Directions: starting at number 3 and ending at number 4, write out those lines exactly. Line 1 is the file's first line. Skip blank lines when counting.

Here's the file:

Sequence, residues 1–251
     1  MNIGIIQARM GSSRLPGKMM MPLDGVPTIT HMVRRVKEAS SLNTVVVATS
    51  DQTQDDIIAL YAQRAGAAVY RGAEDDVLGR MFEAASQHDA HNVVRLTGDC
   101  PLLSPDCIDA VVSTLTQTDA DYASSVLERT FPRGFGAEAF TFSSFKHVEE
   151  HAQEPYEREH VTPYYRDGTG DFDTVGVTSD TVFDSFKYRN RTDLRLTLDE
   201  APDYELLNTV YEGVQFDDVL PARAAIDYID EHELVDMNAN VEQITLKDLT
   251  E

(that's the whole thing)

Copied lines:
    51  DQTQDDIIAL YAQRAGAAVY RGAEDDVLGR MFEAASQHDA HNVVRLTGDC
   101  PLLSPDCIDA VVSTLTQTDA DYASSVLERT FPRGFGAEAF TFSSFKHVEE